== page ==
Dealing with checkpoints and road blocks in Mexico

There are lots of stories going around about Mexican government checkpoints, not all of them are good. And many people experience checkpoints as the scary part of their motorcycle trip filled with uncertainties and risk.

Mexico has a lot of checkpoints. Especially in the Yucatan and Quintana Roo area and in border areas there are plenty of them. Commonly found at important intersections in rural areas, in front of rural police stations/compounds and on state/city or municipal borders. Sometimes a stop is required, but often times most traffic is waved trough. It’s common curtesy to slow down to a walking pace, even if a stop is not required, this helps officers on duty to see what you’re up to and do a quick visual inspection without having to stop you.

We use the iOverlander app a lot to scout routes and attractions and when you check their database you read the most outlandish stories of checkpoint experiences mostly jotted down by paranoid American citizens. During our motorcycle trip from Cancun to La Paz we waited in line on several occasions while a vehicle from the USA before us bursted out in panic and overly dramatic nonsense when a the checkpoint police officer ask simple questions about where they’re going or where they came from.

We all know the stories of illegal checkpoints and roadblocks, often operated by cartels stopping you or sometimes corrupt police officers. But during my trip I noticed something; Checkpoints aren’t half as scary as some of the overly-dramatic Americans make them out to be.

If you are uncertain about checkpoints during your motor ride through Mexico, just ignore the ‘reviews’ or stories. But also if you’re curious if there are any on your chosen route every route all routes available on MotoTravel have a points of interest file with the checkpoints and chokepoints we encountered on our travels. This will help you plan and prepare for such eventualities.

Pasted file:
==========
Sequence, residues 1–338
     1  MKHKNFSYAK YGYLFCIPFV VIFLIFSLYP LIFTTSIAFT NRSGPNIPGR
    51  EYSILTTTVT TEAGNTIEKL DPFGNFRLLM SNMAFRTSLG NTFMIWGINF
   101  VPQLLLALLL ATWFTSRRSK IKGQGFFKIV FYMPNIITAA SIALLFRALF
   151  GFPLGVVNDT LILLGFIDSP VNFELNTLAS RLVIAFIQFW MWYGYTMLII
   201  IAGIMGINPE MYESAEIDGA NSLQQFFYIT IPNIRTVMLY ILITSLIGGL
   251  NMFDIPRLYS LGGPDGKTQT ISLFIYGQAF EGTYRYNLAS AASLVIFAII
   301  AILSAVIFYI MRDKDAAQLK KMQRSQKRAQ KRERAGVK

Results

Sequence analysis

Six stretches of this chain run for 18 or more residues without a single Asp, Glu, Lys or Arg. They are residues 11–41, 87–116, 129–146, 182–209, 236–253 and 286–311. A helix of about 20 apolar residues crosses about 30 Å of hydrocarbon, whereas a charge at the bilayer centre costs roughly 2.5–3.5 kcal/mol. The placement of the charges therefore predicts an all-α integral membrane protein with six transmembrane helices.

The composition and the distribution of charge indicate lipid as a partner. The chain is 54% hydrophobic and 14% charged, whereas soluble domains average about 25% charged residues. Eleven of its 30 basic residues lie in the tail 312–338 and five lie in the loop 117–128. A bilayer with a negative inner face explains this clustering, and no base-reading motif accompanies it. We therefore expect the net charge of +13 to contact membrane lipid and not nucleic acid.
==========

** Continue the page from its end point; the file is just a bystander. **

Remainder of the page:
The federal government is working hard to eliminate corruption

This is a big focus point in the modern Mexican army and amongst the various police services, both municipal and state police. But also within the Guardia Nacional, who took over the Federal police a few years ago. Simply because the Federal Government wants every citizen and tourist in Mexico to feel more safe.

Do not make drama when you get stopped, these people are simply doing their job in most cases.

For the most part I have found them to be very polite, for safety purposes they document everything they do, either through a body camera or a colleague with a camera or phone, expect documents such as your drivers license or ID card to be photographed as well.
A few army checkpoints near the US border seemed a bit more strict and demanding with a hint of impatience for you to open bags and cases if they want to look inside though. Some of them were build-up like proper defendable positions with sand-bag barriers, walls and machine guns.
These look a bit scary and the realization of a gun barrel pointing at your from the fortifications is a bit weird.

Overall though, most of the inspections and checkpoints we’ve gone through were done professionally and without foul play.

And that is exactly why I write this post, to give balance to the idiocy that is going around on the internet over checkpoints in Mexico.

In my opinion, many of the stories floating around are fuss about nothing or outdated, or are just incidents. I suspect due to the skittish behavior of the passengers in the vehicle being stopped. The drama I have witnessed when US citizens get pulled over in a checkpoint is beyond belief. I do not envy the persons on duty that have to deal with these people.

I think I might have seen one cartel checkpoint but did not have to pass through them, but they did not look all that scary. Even though the dudes were heavily armed, they only seemed to stop trucks coming from the opposite direction as we were going to. We did encounter many illegal checkpoints, and at one point I used a car as a shield to pass through the checkpoint simply because I did not feel like stopping to pay a their illegal tolls.

We also passed a few Immigration Checkpoints. Most of the time I could just ride through without stopping at all. In another checkpoint I had to unpack my bags, and a few times I had my paperwork for the motorcycle checked.

One time it was a sanitization stop for covid-19 and I got sprayed down with something – probably a disinfectant. That was hilarious, I could hear Arnan through our helmet intercom talking to the guy like: “What is this stuff, why do you do this???” as no explanation was given. It made me laugh.

Other times such checkpoints are to counter things like birdflu. These have no interest in civilian traffic and only check trucks with livestock and food stuffs.

In the videos below you’ll see some checkpoints we passed through.

A large Immigration checkpoint near the Chiapas/Oaxaca border.

And a compilation of various other checkpoints throughout Mexico.

Are you planning on taking a Mexican Road trip?

Don’t let the bad stories deter you and start planning your adventure.
Please check out our tracks and routes in the MotoTravel webshop.

These routes and segments have been carefully prepared so everyone can use them. They include many Points of Interests including all checkpoints, official or otherwise, we’ve encountered as well as hotels, fuel stations and more.